The Navy’s Deadly Obsession with Whales

OUTSIDE ONLINE
MONDAY, JULY 14, 2014

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You’ve likely read the stories—or at least heard rumors—about America’s secret dolphin navy, trained to patrol harbors and clear mines. Or perhaps you’ve followed the lawsuits, filed by the Natural Resources Defense Council, against the U.S. Navy over whale strandings, one of which made its way to the U.S. Supreme Court in 2008.

But there’s a tragic and ironic backstory to these events that’s remained hidden behind veils of classified reports, official denials (plausible and otherwise), and improbably scientific history.

It’s a tale of obsession. A failed marriage between Navy scientists and small cetaceans with a genius for biosonar, or echolocation, that whales and dolphins evolved over tens of millions of years—and which the U.S. Navy hoped to reverse-engineer in an effort to perfect its mine-sweeping and anti-submarine warfare.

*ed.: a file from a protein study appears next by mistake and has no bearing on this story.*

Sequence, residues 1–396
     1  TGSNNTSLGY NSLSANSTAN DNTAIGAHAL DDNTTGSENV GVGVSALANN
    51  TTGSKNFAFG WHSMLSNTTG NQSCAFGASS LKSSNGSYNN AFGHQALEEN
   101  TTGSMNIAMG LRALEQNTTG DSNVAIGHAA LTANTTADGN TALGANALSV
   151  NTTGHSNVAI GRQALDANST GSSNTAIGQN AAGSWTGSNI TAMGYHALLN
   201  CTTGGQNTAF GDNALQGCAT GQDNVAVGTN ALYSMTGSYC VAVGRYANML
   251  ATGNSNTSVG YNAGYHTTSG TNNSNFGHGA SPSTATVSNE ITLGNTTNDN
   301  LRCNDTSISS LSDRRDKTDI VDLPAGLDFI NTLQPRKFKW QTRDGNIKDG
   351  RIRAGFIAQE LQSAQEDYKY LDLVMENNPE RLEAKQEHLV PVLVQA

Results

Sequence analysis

It’s an unlikely tale of science gone awry in a 20-year battle between conservationists and the U.S. Navy over whale strandings, which I explore in my new book War of the Whales. And it all began in the basement of a biology lab at Harvard University during WW II…

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